Honorary memberships in the MIT Alumni Association were awarded to Hockfield and to Sara Bittenbender, co-chair of the Class of 1940 Reunion committee, a pivotal class volunteer both before and after the death of her husband some 35 years ago. Hockfield acknowledged that “It took me a little longer than most of you to become a member of the Alumni Association,” but she said that after five years, MIT feels like home.

Alumni Association President Ken Wang ’71 passed the gavel to incoming president Anne Street ’69. “Her leadership style, enthusiasm for MIT, and wide-ranging volunteer experience will make her an exceptional president of the Alumni Association,” he said.


As many of you may know, we had a little thing called Tech Reunions on campus the past four days as well as Commencement. Soon, we’ll post slide shows of all the merriment in the Alumni Association’s (you heard it here first) new media galleries. In the meantime, here is just a glimpse of alumni and students having a blast.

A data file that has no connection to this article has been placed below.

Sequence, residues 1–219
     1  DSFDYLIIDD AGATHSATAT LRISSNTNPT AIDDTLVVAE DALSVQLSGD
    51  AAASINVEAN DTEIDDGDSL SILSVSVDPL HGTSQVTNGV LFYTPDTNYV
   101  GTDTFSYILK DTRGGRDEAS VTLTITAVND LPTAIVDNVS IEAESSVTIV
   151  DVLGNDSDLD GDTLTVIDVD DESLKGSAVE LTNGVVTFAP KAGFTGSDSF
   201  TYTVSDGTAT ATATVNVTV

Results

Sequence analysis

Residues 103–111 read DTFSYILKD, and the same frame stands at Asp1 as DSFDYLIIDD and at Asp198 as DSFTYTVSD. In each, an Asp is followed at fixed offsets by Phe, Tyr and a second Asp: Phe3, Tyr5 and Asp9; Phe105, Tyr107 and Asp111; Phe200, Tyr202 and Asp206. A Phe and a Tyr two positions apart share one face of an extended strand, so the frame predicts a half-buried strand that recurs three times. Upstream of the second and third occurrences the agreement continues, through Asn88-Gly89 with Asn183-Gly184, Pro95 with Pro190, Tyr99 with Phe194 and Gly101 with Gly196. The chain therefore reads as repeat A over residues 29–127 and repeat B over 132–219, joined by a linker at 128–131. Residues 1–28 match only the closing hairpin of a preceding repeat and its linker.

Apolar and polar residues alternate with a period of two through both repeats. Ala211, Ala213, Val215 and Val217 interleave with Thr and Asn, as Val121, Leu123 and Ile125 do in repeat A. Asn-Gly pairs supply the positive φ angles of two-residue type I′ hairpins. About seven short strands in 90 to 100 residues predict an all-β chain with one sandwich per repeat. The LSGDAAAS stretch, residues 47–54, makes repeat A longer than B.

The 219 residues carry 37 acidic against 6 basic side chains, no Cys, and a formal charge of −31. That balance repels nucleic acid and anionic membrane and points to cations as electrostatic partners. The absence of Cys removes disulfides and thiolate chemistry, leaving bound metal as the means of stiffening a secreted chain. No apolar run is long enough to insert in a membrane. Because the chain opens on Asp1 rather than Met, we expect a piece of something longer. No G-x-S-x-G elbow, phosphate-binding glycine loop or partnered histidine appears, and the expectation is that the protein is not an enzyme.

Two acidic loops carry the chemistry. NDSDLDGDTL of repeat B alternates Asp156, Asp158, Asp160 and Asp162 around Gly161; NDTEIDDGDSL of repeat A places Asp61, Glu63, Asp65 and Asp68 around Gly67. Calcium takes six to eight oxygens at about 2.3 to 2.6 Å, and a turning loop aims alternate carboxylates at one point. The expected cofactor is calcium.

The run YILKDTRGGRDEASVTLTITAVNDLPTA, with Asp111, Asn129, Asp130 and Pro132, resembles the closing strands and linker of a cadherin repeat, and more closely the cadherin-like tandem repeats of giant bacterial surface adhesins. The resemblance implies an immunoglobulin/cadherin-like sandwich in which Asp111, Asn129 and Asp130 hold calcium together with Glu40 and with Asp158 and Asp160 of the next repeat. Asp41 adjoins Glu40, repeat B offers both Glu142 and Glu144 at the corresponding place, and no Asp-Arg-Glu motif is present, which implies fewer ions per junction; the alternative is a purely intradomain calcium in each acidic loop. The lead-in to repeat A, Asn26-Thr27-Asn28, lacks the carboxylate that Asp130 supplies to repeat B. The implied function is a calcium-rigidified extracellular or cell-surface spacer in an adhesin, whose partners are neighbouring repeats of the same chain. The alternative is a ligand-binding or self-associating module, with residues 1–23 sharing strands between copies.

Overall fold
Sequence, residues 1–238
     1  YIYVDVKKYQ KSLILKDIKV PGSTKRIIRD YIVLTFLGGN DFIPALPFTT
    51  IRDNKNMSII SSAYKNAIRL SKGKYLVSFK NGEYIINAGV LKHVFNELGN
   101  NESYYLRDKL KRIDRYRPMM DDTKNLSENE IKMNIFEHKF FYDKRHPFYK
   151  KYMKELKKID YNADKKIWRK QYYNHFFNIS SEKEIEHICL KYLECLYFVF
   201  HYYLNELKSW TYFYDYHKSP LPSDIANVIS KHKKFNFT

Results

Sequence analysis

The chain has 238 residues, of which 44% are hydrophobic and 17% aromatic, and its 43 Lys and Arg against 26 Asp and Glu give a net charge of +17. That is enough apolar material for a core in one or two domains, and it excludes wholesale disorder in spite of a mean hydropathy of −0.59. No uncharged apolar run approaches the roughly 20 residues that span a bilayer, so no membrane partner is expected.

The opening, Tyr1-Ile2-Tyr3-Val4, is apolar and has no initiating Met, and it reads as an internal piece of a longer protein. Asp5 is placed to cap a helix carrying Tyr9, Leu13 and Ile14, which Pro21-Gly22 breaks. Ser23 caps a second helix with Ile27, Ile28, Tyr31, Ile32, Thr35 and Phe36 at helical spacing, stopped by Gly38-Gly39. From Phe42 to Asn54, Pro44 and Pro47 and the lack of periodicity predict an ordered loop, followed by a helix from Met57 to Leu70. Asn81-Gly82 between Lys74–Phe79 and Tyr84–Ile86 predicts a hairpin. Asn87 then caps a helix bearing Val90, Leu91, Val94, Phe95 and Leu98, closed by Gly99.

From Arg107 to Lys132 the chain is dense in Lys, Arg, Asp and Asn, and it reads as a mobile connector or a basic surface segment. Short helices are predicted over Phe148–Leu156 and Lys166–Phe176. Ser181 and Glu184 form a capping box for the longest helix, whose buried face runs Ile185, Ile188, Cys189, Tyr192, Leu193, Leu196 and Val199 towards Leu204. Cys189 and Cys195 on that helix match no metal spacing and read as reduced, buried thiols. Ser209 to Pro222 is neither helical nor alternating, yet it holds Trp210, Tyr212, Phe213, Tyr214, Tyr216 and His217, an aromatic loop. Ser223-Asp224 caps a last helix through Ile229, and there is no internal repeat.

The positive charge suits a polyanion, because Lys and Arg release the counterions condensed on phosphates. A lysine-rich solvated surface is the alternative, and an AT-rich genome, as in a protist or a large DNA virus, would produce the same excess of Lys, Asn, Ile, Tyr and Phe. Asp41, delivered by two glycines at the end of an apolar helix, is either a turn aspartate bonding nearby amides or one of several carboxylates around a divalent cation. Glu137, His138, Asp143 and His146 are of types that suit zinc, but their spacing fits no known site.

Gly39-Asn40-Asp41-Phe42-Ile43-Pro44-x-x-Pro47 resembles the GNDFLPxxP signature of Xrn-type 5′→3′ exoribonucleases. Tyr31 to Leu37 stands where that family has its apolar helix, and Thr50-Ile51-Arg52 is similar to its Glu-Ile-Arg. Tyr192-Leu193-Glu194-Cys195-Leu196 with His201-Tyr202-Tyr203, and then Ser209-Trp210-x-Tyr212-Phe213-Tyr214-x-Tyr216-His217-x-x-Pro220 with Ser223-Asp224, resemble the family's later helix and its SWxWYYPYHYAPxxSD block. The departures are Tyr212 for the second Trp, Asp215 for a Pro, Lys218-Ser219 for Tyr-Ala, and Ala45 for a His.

Seniors enjoy ice cream and snag some free boxes at the Senior Week ice cream social.

Seniors enjoy ice cream and snag some free boxes at the Senior Week ice cream social. Photo: Emily Muldoon Kathan.

Members of the 50th reunion class of 1960 yuck it up as they prepare to lead the graduates into Commencement.

Members of the 50th reunion Class of 1960 yuck it up as they prepare to lead the graduates into Commencement. Photo: Darren McCollester.

The paparazzi prepare for the 50th reunion class and the graduating students.

The paparazzi at the ready for the Commencement processional. Photo: Darren McCollester.

Isn't this what reunions are all about? Members of the 40th reunion Class of 1970 greet each other fondly at a reception and dinner with President Hockfield. Photo: Darren McCollester.

Isn’t this what reunions are all about? Members of the 40th reunion Class of 1970 greet each other fondly at a reception and dinner, held in the new Media Lab extension. Photo: Darren McCollester.